RAMALLAH - U.S. Secretary of State Hillary Clinton's invitation to Washington reportedly angered Palestinian Authority President Mahmoud Abbas, the London-based Arabic-language Asharq al-Awsat newspaper reported.
Abbas anger allegedly stemmed from Clinton's failure to mention the statement released by the Quartet - the United States, European Union, United Nations and Russia - when she announced the invitation to Abbas and Israeli Prime Minister Benjamin Netanyahu to meet in Washington on September 2.
According to the report, "informed sources" told Asharq al-Awsat that Abbas ordered his media spokesman Nabil Abu-Rudaynah to call Obama administration Mideast Envoy George Mitchell so he could express his anger over the omission.
Quoting the same sources, the paper said U.S. officials were "confused" by Abbas reaction and "afraid" that "the situation would get out of hand."
According to Asharq al-Awsat, U.S. officials called Abbas three times within an hour "in an attempt to alleviate his anger and explain the situation" so he would not back out of the September 2 meeting.
The article further stated that Abbas' preoccupation with Clinton's statement delayed the meeting of the Palestine Liberation Organization Executive Committee, which had convened to formulate the PA's response to the invitation.
Abbas then instructed PA negotiator Saeb Erekat to ask the U.S. to expand the list of attendess, adding among others, the Quartet and Turkey and Brazil.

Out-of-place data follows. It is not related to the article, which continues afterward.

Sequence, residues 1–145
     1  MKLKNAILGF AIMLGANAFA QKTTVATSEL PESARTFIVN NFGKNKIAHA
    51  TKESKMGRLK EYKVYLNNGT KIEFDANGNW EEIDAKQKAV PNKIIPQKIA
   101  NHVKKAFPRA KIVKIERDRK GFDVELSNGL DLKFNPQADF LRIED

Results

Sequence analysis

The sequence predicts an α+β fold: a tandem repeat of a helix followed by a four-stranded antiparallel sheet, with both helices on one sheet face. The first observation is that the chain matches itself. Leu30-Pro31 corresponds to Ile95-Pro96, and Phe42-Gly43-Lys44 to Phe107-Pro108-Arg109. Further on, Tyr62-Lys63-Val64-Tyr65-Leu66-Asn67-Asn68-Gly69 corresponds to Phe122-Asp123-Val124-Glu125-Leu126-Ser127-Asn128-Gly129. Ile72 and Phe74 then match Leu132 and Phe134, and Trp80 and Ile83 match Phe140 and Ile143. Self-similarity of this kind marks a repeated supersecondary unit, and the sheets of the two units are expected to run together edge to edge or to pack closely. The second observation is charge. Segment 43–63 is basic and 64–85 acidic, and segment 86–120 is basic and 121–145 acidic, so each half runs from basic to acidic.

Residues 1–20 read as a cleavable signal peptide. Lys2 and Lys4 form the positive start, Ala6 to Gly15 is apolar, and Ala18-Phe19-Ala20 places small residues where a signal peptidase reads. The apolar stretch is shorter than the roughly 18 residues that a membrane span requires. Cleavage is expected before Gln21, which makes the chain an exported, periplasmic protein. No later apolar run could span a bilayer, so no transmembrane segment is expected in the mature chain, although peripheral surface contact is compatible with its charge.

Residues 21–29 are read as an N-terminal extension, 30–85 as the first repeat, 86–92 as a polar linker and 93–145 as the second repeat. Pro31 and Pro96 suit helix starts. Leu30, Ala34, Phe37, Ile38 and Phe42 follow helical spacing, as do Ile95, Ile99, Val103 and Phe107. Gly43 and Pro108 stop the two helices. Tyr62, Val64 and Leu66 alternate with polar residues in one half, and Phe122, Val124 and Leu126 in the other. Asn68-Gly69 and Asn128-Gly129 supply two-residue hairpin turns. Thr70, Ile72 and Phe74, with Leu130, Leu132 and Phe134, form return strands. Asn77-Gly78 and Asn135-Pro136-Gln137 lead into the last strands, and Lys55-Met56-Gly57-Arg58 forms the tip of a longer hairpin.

Egyptian President Hosni Mubarak and Jordanian King Abdullah II plan to attend the meeting.
According to the report, the PA is interested in a similar forum to the Annapolis Conference hosted by former President George Bush in November 2007.
Meanwhile, State Department spokesman P.J. Crowley said Monday that settlements would be on the agenda.
"The issue of settlements, the issue of the moratorium…has been a topic of discussion and will be a topic of discussion when the leaders meet with Secretary Clinton on September 2," Crowley told the press.
Israeli Regional Affairs Minister and Vice Premier Silvan Shalom told Quartet envoy Tony Blair Monday that preconditions would derail the talks.
"We are happy with the start of direct negotiations and Israel is prepared for and sees importance in direct talks," Shalom told reporters following his meeting with Blair.
"But understand that placing preconditions before the sides even sit down around the negotiating table will bring failure," he said.